When use of the World Wide Web was first becoming widespread, there was little standardization of how content — text and images, primarily — could be presented on Web pages. This was largely because there was little standardization among Web browsers, whose vendors were rapidly and continuously introducing new features to distinguish each company's browser from those of the competition. While the famed "browser wars" soon turned into a death match between Microsoft's Internet Explorer and Netscape's Navigator, content publishers sought a strategy for formatting public documents so that their appearance would be the same for all site visitors, and, as a bonus, could not be downloaded, altered, and then re-uploaded, posing as legitimate versions. This was particularly critical for binding agreements and other legal documents, which oftentimes needed to be printed out and signed.
In response to this need, a number of document formats were created, because HTML — as terrific as it is for Web page markup — was certainly not an option, since Web pages are completely malleable, and each one can look different depending upon what browser the Web surfer might be using to view the page, and even what version of the browser. Adobe Systems has a history of developing various publishing technologies, and so it was no surprise when their Portable Document Format (PDF) became accepted as the Internet's standard. PDF conferred many advantages, and still does today.
One advantage is that a PDF document contains all of the contents within a single file — quite unlike Web pages, which typically consist of an HTML file, one or more stylesheets, image files, and other types. Consequently, Adobe was able to avoid the headaches associated with trying to group multiple associated files into a single unit on a person's hard drive. Consider what happens when an Internet user downloads a Web page complete, and not just as an HTML file. Let's say that you are viewing the home page of a website titled X, and you wish to save the page to your local hard drive. Your browser may save the HTML file as X.html, but it also creates a folder, X_files, in which to store all of the associated files. If one of those ancillary files is deleted, for whatever reason, then the saved Web page is no longer complete, and probably will look wrong when you view the saved version later. This may not be critical for Web pages, but it is for Web-based documents.
Business owners soon realized that there was another advantage to using PDF: The appearance of the content in a PDF document is independent of whatever browser has been used to download the PDF document, since all of the formatting is specified within the document, and cannot be modified by the casual viewer. At first, there was only one application available for viewing PDF files, namely, Adobe's own PDF Reader, which the company made freely available, in a smart move to popularize the document format. Eventually, however, the huge popularity of the PDF format lead software manufacturers to develop competing applications for viewing PDF files, some of which I will examine in this article. But first, let's look at the pioneer, which retains the lead position, at least in terms of popularity.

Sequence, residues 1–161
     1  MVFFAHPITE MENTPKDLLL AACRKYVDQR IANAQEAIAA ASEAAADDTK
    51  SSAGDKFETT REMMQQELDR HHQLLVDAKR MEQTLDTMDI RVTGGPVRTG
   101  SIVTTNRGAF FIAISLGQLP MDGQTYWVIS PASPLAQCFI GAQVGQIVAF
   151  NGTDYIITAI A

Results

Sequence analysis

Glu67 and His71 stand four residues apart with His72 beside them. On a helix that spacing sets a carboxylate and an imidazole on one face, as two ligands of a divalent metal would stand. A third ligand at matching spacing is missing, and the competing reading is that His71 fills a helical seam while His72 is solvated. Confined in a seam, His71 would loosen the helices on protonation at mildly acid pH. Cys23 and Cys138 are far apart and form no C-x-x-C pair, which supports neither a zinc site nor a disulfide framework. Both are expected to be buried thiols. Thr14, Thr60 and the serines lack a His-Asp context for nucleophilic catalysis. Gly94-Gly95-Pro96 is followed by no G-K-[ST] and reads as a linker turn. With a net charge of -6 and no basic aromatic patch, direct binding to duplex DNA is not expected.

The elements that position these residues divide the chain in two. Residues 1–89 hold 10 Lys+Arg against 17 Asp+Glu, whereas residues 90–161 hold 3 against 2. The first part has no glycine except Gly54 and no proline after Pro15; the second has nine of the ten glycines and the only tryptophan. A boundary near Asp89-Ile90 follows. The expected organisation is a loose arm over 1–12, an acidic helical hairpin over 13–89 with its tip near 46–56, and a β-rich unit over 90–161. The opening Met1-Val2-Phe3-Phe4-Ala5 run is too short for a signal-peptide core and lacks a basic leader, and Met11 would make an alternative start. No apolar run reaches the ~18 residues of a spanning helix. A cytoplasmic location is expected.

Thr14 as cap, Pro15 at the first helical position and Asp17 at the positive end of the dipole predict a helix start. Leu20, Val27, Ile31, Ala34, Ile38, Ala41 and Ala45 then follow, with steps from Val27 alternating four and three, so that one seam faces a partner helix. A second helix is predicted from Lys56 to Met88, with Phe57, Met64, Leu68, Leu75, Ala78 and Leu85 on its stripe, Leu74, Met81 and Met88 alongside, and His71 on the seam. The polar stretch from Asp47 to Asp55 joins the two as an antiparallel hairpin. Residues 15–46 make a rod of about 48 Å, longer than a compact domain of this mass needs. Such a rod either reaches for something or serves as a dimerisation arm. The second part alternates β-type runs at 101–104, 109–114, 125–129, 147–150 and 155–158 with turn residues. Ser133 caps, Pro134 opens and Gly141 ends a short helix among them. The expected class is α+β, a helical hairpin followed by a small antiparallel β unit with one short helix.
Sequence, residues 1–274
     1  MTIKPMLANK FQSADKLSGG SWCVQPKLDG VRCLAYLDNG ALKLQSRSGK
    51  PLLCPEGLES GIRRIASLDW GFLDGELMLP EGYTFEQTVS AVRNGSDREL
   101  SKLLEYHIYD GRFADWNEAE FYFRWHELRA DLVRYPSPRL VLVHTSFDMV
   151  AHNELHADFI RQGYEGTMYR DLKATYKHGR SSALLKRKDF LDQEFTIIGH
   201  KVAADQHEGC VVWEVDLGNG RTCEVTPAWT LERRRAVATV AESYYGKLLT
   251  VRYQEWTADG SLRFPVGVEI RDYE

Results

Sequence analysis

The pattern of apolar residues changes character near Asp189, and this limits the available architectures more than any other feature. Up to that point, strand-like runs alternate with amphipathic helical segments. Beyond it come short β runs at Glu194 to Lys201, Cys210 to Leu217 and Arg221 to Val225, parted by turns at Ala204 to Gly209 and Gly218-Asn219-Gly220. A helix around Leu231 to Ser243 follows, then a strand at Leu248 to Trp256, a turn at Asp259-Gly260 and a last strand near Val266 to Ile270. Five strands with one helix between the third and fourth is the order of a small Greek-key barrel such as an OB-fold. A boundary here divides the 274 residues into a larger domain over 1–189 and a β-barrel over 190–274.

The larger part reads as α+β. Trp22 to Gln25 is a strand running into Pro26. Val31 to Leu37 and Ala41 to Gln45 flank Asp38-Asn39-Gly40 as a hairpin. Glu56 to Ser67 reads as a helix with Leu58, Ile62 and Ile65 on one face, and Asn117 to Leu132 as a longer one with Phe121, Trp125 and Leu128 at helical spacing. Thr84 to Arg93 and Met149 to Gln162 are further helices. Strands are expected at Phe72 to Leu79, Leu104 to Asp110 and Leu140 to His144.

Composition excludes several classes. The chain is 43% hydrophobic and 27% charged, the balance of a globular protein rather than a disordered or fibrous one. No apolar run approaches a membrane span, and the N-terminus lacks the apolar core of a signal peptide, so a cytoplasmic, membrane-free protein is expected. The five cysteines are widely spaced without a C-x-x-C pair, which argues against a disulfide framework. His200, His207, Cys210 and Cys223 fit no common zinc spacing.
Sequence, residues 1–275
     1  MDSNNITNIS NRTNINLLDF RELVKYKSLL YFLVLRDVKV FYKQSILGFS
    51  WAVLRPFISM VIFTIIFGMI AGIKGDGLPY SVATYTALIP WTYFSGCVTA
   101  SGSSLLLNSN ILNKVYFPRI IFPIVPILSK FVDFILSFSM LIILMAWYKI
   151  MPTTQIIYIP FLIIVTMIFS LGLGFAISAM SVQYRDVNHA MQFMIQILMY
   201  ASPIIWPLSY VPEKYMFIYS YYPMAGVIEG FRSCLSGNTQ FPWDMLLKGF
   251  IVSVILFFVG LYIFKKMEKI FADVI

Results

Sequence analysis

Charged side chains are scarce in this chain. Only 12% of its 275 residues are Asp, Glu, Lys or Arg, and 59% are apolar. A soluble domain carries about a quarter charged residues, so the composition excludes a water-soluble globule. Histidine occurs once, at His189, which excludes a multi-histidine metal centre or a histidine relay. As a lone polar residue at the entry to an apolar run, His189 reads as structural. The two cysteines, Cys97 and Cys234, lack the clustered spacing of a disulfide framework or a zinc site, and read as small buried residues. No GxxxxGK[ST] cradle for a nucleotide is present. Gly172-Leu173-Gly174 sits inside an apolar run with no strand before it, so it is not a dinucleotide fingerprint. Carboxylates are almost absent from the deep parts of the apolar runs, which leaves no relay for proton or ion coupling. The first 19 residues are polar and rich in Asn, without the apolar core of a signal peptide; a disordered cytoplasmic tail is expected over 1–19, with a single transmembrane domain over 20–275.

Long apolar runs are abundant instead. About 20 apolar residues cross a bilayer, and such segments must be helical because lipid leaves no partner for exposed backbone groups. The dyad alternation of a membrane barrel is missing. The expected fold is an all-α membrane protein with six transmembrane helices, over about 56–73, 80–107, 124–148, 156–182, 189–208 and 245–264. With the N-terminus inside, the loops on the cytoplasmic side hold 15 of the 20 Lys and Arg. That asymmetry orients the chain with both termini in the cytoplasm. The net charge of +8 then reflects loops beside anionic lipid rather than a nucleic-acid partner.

From the Horse's Mouth
Adobe Reader is both a stand-alone application for viewing PDF documents, and a browser plugin for doing the same within any supported Web browser. It should not be confused with the company's product for creating PDF documents, Adobe Acrobat, sometimes referred to as "Adobe writer". Even though Adobe Reader cannot be used to generate new PDF documents, it can display, search, digitally sign, and print PDF documents. In addition, PDF documents can have built-in user-editable form elements, allowing the viewer to type text into entry fields, click on checkboxes and radio buttons, and perform other operations intended by the document's designers.
To obtain the most recent version of Adobe Reader, first visit the company's Web page, click the yellow download button, and follow the instructions.
Depending upon what Web browser you are using and the security settings for that browser, you will most likely receive some sort of warning that the current Web page is trying to install software on your system. That is the plugin portion of Adobe Reader. You can avoid these warnings, and have a local copy of the installation file available on your own computer — which is usually a good idea, especially if you travel frequently with a laptop and may need to reinstall the software without access to the Web. Simply decline to have Reader installed in your browser, and you will be shown a "Download Notes" page, with a link "click here to download".
The latest version is, as of this writing, 9.2.0. Click the link to save the installation file (AdbeRdr920_en_US.exe) to some place on your hard drive where you can find it, such as the desktop in the case of Windows. Shut down all Web browsers that you currently have open, so the browser plugin can be installed without a hitch. Open the Adobe Reader installation file, and follow the instructions, which are straightforward and thus won't be detailed here. Unlike so many desktop applications nowadays, the Reader toolbar is quite spartan and accessible.